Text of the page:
Former Santa still spreading message of love, joy, hope
By Kara Witherow, Editor
For 18 Christmas seasons, from 1975 until 1993, Rev. Eric Sizemore donned a red suit, a beard, and a stocking cap.
And while the 160ish-pound, dark-haired, 36-year-old preacher didn’t then look much like the jolly, old elf, he had the same infectious grin and hope-filled spirit.
On Sunday mornings – then and now – Rev. Sizemore preaches a message of love, hope, and goodwill to all. But for those 18 holiday seasons, on Friday evenings, Saturdays, and Sunday afternoons he’d also share a similar message, albeit with a slightly different crowd.
The children, adults, and pets who piled onto his lap to tell him their Christmas wishes didn’t know he was also the pastor of Aldersgate United Methodist Church. But they surely felt the love and joy he radiated as the new Macon Mall’s Santa Claus.
What started out as a way to earn a little extra cash to pay for seminary became a natural extension of his role as pastor, he said.
Back in 1975, Rev. Sizemore was a seminary student struggling to get by. His wife, Carol, worked six days a week at a downtown Macon dress shop while he attended classes at Emory University’s Candler School of Theology and substitute taught in the Bibb County school system.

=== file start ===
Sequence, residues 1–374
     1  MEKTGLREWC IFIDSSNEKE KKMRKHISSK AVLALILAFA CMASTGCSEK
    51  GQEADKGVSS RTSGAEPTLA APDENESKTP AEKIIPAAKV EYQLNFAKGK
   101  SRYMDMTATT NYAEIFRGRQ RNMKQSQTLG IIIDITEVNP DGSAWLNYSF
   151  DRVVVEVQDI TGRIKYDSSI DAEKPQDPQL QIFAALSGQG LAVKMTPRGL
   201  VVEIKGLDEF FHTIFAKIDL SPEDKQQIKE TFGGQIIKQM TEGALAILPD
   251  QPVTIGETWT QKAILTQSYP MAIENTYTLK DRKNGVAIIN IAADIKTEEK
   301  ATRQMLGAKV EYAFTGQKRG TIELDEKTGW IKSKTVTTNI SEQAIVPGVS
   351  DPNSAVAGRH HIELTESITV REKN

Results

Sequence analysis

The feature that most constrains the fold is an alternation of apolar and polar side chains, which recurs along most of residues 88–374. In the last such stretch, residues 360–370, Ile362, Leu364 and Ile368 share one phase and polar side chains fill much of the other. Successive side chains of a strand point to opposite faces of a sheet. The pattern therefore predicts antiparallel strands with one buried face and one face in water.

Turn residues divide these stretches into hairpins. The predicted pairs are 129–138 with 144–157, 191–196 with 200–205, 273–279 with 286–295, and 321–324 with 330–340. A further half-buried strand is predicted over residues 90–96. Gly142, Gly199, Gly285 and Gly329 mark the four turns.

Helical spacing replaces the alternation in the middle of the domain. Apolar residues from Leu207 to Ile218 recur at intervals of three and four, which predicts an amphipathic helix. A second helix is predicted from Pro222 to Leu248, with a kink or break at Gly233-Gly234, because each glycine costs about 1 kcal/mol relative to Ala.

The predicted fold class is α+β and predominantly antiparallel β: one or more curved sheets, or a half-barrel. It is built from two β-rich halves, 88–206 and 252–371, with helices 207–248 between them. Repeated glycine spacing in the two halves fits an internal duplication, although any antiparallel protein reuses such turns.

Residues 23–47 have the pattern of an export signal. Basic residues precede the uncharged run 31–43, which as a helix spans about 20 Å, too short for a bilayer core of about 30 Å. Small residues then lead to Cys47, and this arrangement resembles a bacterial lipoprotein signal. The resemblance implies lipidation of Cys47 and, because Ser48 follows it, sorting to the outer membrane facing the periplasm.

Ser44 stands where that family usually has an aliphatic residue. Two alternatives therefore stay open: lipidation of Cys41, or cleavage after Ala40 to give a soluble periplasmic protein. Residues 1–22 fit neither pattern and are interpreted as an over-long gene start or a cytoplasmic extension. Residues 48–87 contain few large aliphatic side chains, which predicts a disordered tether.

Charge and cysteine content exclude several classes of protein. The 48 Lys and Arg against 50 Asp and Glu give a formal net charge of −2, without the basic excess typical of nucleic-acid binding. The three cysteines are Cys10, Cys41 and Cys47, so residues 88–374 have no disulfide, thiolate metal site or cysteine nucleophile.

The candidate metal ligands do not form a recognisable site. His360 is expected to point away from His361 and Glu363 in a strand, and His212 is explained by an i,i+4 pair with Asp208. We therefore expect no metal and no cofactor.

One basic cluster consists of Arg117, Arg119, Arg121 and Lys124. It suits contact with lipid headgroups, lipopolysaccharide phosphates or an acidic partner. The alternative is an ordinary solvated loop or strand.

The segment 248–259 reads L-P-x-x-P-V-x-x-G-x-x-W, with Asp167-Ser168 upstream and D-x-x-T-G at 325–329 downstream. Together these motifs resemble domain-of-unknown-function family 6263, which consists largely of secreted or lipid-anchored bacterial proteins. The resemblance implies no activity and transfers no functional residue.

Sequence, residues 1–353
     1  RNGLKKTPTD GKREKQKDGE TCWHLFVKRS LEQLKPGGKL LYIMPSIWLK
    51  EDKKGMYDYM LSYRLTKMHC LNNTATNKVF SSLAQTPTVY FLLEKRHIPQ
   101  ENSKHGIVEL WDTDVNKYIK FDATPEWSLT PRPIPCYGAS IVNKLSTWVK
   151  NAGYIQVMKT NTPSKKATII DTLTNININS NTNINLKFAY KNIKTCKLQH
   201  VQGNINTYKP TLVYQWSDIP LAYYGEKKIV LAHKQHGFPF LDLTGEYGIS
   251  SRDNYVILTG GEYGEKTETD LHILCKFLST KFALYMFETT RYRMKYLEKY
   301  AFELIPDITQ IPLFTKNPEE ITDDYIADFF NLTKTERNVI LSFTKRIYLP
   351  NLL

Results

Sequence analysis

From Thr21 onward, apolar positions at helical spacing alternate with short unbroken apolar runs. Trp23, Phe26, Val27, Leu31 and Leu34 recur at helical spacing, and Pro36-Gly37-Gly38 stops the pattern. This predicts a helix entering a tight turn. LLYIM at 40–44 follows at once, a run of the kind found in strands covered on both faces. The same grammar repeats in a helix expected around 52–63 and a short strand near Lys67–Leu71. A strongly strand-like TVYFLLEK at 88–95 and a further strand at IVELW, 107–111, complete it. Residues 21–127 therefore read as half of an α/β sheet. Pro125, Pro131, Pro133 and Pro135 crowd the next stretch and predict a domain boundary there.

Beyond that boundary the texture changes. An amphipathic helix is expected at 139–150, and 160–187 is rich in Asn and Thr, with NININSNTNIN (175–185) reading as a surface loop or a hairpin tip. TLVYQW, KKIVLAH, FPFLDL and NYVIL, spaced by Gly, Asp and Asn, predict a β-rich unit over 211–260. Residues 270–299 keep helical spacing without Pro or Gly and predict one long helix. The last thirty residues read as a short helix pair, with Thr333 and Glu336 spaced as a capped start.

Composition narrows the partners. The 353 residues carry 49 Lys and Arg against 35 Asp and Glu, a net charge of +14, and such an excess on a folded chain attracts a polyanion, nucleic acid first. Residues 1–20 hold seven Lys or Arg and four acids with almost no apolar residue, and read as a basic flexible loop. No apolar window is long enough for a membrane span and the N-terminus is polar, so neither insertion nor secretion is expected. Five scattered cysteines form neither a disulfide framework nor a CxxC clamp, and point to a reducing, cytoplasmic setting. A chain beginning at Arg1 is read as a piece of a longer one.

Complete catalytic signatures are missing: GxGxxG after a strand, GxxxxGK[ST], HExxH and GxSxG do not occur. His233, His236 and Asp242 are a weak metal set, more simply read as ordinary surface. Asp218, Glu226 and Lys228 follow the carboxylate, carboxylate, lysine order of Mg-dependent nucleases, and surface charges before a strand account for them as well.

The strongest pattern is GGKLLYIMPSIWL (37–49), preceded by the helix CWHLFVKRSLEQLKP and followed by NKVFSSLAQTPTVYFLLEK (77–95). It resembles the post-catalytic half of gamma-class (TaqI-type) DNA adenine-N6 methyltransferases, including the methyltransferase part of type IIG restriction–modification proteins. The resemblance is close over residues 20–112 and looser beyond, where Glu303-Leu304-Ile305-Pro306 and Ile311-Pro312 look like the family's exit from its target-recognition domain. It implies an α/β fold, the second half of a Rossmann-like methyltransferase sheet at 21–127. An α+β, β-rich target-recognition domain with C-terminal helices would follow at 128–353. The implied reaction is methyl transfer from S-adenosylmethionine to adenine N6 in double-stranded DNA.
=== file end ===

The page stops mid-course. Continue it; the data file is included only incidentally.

Needing to supplement his family’s income, he answered an ad in the Macon Telegraph and soon became the Macon Mall’s Santa Claus.
“We were doing everything we could to make ends meet,” he said. “I substitute taught, I solicited for the city directory, and then I saw in the paper an ad for seasonal work. I went and applied for it and they hired me!”
The churches he served always gave the green light for Rev. Sizemore to put on his red Santa suit. While he tried to never promise a child anything, he did try to spread messages of hope and joy.
“To see the thrill of hope in their eyes … it was really worth it,” he said. “We live in a very jaded world today, and kids don’t seem to have enough fantasy in their lives. I think there’s a need for fantasy and wonder in little children, and I was pleased to be able to contribute to their happiness.”
The sacrifices he and his family made for him to attend seminary and become a pastor were numerous, but many of his fellow classmates had similar stories, said Rev. Sizemore, who retired in 2006 but still serves Rochelle and Pitts United Methodist Churches.
“It was a struggle, but it was worth it,” he said of the early mornings, long drives to Atlanta, late nights, and odd jobs. “When God puts a call on you, you have to respond to it.”
And although he may not wear the red suit anymore, Rev. Sizemore, 80, still has an important Christmas message to share.
“I really want Advent to be a season of hope. There is hope. We have hope in Christ Jesus,” he said. “We need to look beyond the façade and the glitter and glamour of Christmas to know that God has come in the flesh and that’s to whom we should be paying more attention to than the trappings of Christmas.”